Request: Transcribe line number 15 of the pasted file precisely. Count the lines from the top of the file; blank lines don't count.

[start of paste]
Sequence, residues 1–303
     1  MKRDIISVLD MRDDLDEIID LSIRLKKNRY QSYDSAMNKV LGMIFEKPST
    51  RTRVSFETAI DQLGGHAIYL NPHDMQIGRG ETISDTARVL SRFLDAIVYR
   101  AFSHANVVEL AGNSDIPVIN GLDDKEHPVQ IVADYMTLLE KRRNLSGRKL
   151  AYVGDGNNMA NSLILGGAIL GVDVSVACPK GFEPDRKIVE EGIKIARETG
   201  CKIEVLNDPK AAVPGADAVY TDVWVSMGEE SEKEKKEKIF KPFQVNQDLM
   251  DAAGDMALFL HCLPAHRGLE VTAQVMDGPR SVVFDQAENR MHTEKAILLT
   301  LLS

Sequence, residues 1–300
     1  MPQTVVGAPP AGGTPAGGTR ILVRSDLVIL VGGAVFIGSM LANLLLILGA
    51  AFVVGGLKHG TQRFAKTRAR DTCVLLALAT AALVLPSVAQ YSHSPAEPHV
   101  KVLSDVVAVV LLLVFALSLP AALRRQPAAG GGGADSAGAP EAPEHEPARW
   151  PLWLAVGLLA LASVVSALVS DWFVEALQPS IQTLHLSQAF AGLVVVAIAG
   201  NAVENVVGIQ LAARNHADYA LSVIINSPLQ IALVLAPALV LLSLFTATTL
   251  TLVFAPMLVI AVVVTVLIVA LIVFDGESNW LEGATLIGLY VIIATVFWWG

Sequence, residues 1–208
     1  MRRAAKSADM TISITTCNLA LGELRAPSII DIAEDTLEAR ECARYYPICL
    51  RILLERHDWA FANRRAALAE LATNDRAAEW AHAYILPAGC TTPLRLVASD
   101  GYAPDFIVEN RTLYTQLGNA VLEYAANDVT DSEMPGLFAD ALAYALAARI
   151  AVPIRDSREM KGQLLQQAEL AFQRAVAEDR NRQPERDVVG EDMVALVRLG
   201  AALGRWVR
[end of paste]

   251  TLVFAPMLVI AVVVTVLIVA LIVFDGESNW LEGATLIGLY VIIATVFWWG